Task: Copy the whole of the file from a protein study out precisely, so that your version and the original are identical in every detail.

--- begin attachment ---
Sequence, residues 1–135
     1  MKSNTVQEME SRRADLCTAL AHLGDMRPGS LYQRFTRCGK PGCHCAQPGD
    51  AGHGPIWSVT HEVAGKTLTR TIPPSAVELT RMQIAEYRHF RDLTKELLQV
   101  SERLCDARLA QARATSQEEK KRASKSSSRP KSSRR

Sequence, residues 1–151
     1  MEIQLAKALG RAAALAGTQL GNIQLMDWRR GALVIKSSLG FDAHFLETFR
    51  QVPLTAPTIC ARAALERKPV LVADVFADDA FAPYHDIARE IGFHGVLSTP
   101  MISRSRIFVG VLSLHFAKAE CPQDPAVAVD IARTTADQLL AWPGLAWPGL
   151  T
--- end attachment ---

Sequence, residues 1–135
     1  MKSNTVQEME SRRADLCTAL AHLGDMRPGS LYQRFTRCGK PGCHCAQPGD
    51  AGHGPIWSVT HEVAGKTLTR TIPPSAVELT RMQIAEYRHF RDLTKELLQV
   101  SERLCDARLA QARATSQEEK KRASKSSSRP KSSRR

Sequence, residues 1–151
     1  MEIQLAKALG RAAALAGTQL GNIQLMDWRR GALVIKSSLG FDAHFLETFR
    51  QVPLTAPTIC ARAALERKPV LVADVFADDA FAPYHDIARE IGFHGVLSTP
   101  MISRSRIFVG VLSLHFAKAE CPQDPAVAVD IARTTADQLL AWPGLAWPGL
   151  T